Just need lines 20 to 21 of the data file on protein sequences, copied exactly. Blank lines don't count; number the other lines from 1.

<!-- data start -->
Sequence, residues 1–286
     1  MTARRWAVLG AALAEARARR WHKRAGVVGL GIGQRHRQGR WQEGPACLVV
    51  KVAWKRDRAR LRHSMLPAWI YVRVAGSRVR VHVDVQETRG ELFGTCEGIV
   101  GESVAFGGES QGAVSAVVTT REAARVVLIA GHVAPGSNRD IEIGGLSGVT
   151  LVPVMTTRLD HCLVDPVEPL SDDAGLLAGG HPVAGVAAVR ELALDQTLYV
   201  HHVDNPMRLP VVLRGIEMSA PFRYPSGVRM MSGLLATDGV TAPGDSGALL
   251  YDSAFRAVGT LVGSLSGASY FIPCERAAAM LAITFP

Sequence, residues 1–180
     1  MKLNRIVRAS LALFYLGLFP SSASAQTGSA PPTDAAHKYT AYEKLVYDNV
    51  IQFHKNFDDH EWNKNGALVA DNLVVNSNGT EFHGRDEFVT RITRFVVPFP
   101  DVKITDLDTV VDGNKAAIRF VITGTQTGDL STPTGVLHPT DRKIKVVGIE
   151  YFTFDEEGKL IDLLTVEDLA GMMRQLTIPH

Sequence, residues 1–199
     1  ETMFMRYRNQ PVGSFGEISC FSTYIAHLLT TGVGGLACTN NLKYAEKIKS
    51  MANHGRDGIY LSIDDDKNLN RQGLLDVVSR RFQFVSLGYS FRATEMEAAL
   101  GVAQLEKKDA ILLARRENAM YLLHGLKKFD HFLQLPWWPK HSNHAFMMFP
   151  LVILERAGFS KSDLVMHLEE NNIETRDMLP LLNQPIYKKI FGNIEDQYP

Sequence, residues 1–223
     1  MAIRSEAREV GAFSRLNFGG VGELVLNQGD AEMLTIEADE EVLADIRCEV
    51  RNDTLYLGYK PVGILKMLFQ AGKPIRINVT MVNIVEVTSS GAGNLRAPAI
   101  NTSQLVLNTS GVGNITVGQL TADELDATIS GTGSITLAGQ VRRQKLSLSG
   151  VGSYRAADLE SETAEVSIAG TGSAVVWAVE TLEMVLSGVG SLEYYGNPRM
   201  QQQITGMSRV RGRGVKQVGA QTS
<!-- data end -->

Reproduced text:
    51  RNDTLYLGYK PVGILKMLFQ AGKPIRINVT MVNIVEVTSS GAGNLRAPAI
   101  NTSQLVLNTS GVGNITVGQL TADELDATIS GTGSITLAGQ VRRQKLSLSG